Friday, November 27, 2020

If Your Furniture Could Talk . . . What Would It Say?

My china closet has a colorful past. We inherited it from Bill’s great-uncle who worked as a chauffeur for a wealthy Atlantic City woman. As the story goes, Uncle John sweet-talked his way into her heart, wooed her and won her, married her and inherited her wealth.

That china closet now holds a set of azalea dinnerware, which Bill’s Aunt Freida set out on special occasions and spoke of how precious the set was to her. Now it’s precious to us.

Such precious memories make me ponder what memories I’m making for my children and grand-children. Will they someday look at a piece of our furniture or a knick-knack and lovingly remember something about us?

I hope they look at a cardinal figurine and remember our love of nature. Walks through the woods with guidebooks in hand, identifying birds and wildflowers. Spotting deer that ran through our yard as we held our breath that they’d safely cross the highway without smashing into a car. Talks about God’s wonders as we walked and talked at hunting camp or at the seashore.

I hope they look at a piece of our dinnerware and remember family times around our table. Dinners for birthdays and holidays when we welcomed extended family including Uncle John and Aunt Freida, who became Grandma Freida to our boys. After dinner devotional times when our sons fought over who would light the candle.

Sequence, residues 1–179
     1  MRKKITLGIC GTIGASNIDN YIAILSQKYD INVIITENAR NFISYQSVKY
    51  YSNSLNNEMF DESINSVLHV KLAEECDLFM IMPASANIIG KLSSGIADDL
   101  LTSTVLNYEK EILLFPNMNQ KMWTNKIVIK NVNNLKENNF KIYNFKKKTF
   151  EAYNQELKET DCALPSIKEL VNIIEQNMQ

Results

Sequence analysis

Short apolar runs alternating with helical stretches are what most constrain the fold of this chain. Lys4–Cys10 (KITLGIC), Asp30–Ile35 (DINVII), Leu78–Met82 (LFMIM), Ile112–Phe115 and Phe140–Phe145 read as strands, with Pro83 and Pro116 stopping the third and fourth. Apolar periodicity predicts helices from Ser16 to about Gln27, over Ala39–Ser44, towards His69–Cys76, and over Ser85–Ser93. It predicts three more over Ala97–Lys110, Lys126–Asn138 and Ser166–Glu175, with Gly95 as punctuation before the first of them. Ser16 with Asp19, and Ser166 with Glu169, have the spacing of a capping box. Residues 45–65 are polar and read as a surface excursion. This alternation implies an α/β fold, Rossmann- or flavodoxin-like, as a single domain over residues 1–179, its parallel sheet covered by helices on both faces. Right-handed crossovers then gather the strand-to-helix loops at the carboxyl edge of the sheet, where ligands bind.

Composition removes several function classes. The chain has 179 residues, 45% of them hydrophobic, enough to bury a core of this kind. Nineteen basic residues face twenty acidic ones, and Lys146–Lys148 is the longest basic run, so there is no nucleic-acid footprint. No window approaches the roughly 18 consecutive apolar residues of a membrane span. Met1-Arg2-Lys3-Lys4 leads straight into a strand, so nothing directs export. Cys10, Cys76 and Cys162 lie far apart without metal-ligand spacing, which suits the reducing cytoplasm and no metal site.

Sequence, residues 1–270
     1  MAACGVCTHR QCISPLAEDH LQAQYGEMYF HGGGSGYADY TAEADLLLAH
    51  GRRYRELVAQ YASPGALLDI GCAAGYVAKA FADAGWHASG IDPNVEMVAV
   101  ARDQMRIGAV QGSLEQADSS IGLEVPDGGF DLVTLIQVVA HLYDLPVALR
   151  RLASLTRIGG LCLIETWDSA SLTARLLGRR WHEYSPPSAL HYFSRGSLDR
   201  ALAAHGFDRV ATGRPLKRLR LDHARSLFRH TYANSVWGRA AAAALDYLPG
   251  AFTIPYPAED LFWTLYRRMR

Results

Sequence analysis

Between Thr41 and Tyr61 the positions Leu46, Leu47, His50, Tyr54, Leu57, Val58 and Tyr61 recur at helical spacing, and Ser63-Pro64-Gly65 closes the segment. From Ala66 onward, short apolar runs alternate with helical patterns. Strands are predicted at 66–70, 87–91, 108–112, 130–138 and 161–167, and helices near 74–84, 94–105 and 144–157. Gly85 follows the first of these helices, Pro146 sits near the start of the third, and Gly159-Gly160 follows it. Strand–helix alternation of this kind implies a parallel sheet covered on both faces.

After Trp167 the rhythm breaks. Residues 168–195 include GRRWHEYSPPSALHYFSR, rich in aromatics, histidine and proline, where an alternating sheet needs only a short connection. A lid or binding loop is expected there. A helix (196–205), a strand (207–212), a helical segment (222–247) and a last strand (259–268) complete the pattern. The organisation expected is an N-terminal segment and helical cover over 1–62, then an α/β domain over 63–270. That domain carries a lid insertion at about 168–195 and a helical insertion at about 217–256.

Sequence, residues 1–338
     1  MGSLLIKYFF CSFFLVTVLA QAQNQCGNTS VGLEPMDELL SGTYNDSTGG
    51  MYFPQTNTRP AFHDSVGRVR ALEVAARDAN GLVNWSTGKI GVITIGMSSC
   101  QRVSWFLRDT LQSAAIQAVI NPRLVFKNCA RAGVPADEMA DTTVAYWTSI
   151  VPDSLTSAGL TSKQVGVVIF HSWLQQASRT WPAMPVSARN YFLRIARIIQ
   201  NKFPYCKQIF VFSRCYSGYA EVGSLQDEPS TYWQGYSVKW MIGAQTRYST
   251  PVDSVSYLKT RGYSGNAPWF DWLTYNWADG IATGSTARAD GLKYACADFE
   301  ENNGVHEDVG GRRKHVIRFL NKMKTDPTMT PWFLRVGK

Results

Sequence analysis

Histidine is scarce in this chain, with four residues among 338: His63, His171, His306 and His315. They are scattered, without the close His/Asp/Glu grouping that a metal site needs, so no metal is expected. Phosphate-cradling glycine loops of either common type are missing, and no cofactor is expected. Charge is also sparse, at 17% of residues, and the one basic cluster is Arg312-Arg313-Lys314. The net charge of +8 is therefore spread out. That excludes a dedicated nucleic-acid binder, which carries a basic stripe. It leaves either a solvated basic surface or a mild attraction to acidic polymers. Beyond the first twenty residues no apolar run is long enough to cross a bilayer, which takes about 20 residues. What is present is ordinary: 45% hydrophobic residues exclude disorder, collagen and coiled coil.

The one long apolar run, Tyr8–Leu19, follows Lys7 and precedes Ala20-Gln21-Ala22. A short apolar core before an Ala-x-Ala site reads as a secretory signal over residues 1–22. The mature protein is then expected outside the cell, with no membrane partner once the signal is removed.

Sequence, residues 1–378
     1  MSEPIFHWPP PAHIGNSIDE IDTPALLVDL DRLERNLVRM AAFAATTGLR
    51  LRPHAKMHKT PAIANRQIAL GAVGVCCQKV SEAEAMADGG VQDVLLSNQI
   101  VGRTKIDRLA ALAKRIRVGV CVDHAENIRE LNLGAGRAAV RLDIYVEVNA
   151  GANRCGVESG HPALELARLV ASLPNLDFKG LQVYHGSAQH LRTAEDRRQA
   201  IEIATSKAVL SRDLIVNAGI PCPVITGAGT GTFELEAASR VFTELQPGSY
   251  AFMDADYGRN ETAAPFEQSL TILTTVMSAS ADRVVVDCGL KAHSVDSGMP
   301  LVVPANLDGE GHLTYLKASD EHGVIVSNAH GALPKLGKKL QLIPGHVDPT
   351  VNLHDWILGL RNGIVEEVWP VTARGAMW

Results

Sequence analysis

I hope they see a Bible and remember I read it regularly. I hope it motivates them to read it as well. And to live by its principles.

I hope they look at a book and think of the bookshelf by my easy chair and of the inspirational books I always gave them for Christmas. They’d smile as they fingered a rectangular package and say “I wonder what this may be.” They knew. They may not have appreciated the books at the time, but I hope they read them anyway and grew closer to Christ through them.

Precious memories. As the song goes: “In the stillness, of the midnight, precious sacred scenes unfold.”

As I look back, I’m amazed at how quickly time passes. We only get one chance to parent our children and influence our grandchildren. As slowly as time passes when you’re waiting up for a teenager after curfew, those days pass quickly and the years roll on by.

So I ask: What memories are you making with your family and friends? After you’re gone, what will they remember about you? Your stiletto heels? Your colorful mask? Your witty remarks? Your faith? Your discipline? Your faithfulness to God?